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Using a Sewing Machine

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  1. Using a Sewing Machine Fashion and Interior Design Page 455-464

  2. Choosing Needle and Thread • Needle- Holds the upper thread on the machine • Always replace when dull

  3. Choosing Needle and Thread • Types of needles- • Universal or general purpose- sharp • Ballpoint- rounded point for knits/stretch • Stretch- synthetic suede or elastic knits • Leather-wedge- shaped point for heavy fabrics • Twin (double) and hemstitch (wing)- decorative stitching

  4. Choosing Needle and Thread • Needle Sizes- range from 6 (delicate) to 20 (very heavy) • Lower = finer fabric • Higher = heavier • Size 9 or 11- lightweight (chiffon) • Size 14- medium weight (flannel) • Size 16- heavy weight

  5. Choosing Needle and Thread • Thread • Determined by type and weight of fabric • Light weight = fine needle, fine thread (polyester/polyester-cotton blend), and short stitches • Medium weight = medium needle, heavier thread (polyester/polyester-cotton blend: heavy duty), longer stitches • Heavy weight = heavy needle, heavier thread ((polyester/polyester-cotton blend: heavy duty), longer stitches • See figure 4-3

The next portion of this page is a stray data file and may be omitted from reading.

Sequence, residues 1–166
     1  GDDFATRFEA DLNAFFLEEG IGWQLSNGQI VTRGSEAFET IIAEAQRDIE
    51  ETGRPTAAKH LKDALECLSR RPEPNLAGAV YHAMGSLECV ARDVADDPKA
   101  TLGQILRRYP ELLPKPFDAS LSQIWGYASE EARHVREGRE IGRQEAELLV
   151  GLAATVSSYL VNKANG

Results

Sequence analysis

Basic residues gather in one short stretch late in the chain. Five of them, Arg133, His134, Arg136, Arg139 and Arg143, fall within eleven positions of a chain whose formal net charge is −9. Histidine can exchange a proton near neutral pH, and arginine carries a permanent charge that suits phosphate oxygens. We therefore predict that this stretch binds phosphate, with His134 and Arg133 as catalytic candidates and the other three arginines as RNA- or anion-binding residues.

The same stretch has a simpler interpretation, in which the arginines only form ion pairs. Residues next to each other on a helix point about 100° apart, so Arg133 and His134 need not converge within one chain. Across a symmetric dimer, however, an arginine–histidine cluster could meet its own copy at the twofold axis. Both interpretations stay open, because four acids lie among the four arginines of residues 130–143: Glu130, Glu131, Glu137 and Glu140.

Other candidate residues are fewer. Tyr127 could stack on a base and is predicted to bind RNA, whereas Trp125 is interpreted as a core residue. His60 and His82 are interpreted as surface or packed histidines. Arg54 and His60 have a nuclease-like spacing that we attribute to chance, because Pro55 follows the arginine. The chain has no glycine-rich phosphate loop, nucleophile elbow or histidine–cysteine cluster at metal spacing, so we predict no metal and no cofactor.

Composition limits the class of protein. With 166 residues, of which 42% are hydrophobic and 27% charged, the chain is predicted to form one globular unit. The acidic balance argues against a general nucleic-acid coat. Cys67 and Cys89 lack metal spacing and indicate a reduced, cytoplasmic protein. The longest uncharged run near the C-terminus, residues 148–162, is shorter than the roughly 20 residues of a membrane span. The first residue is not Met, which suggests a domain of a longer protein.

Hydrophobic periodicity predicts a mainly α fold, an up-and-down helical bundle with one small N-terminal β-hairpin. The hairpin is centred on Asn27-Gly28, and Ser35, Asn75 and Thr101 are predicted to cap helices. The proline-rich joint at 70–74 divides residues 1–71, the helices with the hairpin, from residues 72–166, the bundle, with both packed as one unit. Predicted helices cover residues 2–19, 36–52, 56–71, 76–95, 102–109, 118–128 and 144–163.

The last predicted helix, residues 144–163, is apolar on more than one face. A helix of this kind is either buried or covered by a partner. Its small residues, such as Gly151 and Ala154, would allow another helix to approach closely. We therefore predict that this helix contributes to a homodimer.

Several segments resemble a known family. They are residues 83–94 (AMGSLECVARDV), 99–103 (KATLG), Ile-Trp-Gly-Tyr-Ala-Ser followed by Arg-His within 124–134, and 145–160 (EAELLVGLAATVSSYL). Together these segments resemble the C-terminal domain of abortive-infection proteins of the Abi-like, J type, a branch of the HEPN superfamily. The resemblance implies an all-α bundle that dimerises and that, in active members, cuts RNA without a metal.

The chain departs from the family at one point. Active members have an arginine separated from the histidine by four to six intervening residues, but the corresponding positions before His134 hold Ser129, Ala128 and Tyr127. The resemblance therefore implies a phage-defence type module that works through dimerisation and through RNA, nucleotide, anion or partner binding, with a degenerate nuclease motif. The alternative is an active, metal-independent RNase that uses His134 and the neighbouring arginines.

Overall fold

6. Changing Needles 1. Raise the needle to its highest point using the hand wheel 2. Loosen the thumb screw 3. Remove old needle 4. Insert needle firmly up to the needle clamp 5. Tighten the screw

  7. Preparing the Bobbin • Bobbin- holds the bottom thread • Must be removed from the case to wind

  8. Preparing the Bobbin • Winding the bobbin • 1. Loosen the hand wheel knob to prevent the needle movement • 2. Insert the end of the thread through the hole in the bobbin • 3. Wrap the thread securely around the bobbin several times • 4. Place the bobbin on the bobbin winder • 5. Hold the end of the thread until the bobbin starts winding

  9. Preparing the Bobbin • Wind the bobbin evenly. You may need to guide the thread • Fill about ¾ full

  10. Preparing the Bobbin • Inserting the Bobbin- • Open the slide plate • Insert bobbin into its case • Make sure the bobbin thread unwinds the right direction (refer to manual) • Insert case into machine • Check the bobbin tension

  11. Threading the Machine • General process is same for all machines! • From spool • To thread guide (directs thread to keep it from tangling) • To tension discs • To take-up lever (controls amount of thread) • To more thread guides • To needle

  12. Threading the Machine • Tension Discs- • Always check the tension before you being to thread the take-up lever • If too loose, thread will come out too easy • If too tight, there will be a strong resistance and thread may break • Should be some resistance but not too strong

  13. Threading the Machine • Thread Guides- • If thread guide is on the right, thread needle from the right • If thread guide is on the left, thread needle from the left • Pull at least 3 inches of thread from needle

  14. Threading the Machine • Raising the Bobbin Thread • Hold the thread from the needle in your left hand • With your right hand, turn the hand wheel toward you until the needle brings up the bobbin loop • Catch it and pull both pieces of thread to the back of the machine